A Study of Networking and Information Exchange Factors Influencing User Participation in Niche Social Networking Sites

A Study of Networking and Information Exchange Factors Influencing User Participation in Niche Social Networking Sites

Carlos Andres Osorio (University of Manizales, Manizales, Colombia) and Savvas Papagiannidis (Newcastle University Business School, Newcastle upon Tyne, UK)
Copyright: © 2019 |Pages: 21
DOI: 10.4018/IJEBR.2019040101

Abstract

This article tests a number of networking and information exchange factors that may influence users' participation in niche social networking sites (SNS). The factors identified in the literature review as influential for participation in social networking sites were implemented in a model tested using quantitative data from 152 users. Gratifications related to socialising, self-status seeking, social support, and learning and innovativeness were identified as significant for participating in niche SNS. As only a subset of the general purpose SNS gratifications were found to be of statistical significance for niche sites, it is suggested that further research that includes a wider set of factors is necessary to determine the similarities and differences between gratifications influencing participation in general purpose and niche SNS.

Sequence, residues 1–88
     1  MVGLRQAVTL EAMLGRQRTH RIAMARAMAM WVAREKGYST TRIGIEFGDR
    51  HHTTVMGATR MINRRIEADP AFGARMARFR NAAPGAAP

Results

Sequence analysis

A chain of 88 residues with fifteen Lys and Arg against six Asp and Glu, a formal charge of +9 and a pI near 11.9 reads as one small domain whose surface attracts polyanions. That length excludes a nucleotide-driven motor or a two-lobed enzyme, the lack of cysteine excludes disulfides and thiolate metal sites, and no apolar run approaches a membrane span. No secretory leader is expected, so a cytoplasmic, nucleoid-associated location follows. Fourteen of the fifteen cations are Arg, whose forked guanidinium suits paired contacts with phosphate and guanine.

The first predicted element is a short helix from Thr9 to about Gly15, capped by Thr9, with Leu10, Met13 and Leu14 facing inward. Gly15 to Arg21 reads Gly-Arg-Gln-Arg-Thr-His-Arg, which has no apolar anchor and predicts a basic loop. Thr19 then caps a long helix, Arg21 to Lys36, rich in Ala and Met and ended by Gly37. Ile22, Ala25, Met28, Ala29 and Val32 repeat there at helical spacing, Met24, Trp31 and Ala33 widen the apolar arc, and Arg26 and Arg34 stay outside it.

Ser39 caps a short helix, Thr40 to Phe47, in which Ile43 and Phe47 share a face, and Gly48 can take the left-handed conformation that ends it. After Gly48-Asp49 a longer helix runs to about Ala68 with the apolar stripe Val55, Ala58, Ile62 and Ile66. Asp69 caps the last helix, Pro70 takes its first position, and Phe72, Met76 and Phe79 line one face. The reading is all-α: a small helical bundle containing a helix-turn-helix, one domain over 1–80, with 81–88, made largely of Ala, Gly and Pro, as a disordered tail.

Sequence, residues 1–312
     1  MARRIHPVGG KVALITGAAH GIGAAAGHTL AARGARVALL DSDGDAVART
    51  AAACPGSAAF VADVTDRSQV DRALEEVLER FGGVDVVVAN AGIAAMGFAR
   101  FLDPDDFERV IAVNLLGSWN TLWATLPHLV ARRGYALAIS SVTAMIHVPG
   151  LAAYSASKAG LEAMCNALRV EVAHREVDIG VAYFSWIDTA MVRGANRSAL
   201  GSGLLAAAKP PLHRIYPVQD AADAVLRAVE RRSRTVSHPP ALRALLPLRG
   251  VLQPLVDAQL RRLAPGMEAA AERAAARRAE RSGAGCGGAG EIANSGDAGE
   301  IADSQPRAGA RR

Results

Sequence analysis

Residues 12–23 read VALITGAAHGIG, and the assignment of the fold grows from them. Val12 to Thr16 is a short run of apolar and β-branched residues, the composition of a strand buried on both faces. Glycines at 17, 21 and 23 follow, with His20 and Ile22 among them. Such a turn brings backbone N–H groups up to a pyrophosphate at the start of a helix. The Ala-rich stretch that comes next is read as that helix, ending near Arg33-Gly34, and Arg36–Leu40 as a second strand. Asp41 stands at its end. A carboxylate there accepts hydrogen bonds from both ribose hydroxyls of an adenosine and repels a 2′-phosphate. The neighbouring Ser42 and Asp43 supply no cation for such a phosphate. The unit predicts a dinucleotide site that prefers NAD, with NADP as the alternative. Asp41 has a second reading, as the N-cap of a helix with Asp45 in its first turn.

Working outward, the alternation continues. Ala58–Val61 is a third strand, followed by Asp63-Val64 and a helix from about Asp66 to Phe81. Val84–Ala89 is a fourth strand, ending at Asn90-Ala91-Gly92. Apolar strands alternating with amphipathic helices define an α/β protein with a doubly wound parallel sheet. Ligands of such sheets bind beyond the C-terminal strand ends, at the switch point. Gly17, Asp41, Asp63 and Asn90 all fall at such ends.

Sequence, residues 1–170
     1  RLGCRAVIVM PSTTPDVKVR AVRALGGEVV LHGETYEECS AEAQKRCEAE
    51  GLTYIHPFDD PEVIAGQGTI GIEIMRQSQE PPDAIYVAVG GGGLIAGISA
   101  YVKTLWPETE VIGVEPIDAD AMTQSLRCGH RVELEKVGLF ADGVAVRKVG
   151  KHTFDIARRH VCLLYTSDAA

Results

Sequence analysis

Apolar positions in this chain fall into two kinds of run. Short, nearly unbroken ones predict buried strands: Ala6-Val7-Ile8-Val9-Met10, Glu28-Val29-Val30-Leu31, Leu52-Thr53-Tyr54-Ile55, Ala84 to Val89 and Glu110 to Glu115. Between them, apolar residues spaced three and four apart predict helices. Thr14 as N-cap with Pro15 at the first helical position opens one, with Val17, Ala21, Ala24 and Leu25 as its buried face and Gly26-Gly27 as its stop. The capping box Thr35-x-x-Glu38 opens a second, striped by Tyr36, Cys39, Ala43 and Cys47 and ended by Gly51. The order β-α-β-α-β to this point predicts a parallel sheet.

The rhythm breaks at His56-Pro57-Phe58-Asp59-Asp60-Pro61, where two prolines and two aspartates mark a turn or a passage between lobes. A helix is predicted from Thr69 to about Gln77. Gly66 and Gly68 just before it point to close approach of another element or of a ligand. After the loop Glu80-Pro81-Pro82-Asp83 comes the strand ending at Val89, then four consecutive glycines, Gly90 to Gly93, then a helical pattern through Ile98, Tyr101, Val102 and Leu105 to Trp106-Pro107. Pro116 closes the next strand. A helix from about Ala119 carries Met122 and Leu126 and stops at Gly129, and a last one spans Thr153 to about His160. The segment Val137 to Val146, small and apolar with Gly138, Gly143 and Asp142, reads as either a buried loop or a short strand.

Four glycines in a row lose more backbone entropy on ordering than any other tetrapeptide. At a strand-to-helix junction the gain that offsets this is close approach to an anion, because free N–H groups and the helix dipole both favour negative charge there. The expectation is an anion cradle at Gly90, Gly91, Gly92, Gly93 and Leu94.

Article Preview

1. Introduction

Users are a critical resource for the success of any social networking site (SNS) (Xu et al. 2014). Achieving users’ participation in SNS is considered to be one of the main factors in having a sustainable community in which users remain engaged over time. For this reason, researchers and practitioners are interested in finding what the factors influencing the participation in the network are. So far, research has had a strong focus on large SNS, which are mostly associated with general purpose SNS like Facebook and Twitter (Leskovec et al. 2008, Foregger 2008, Goggins et al. 2011, Smock et al. 2011, Tosun 2012, Kourouthanassis et al. 2015, Chen 2014, Yang and Lin 2014) General purpose networks are only part of the SNS world, which also includes niche SNS (Boyd and Ellison 2008). Niche SNS seek to narrow audiences by focusing on characteristics of the population, activities, identity and/or affiliations (Boyd and Ellison, 2008). Examples of niche SNS include Beautifulpeople.com, which is a network oriented to good looking people, Cafemom.com, which is oriented to women who are or who are going to be mothers, and Mychurch.org, which is oriented to Christian people.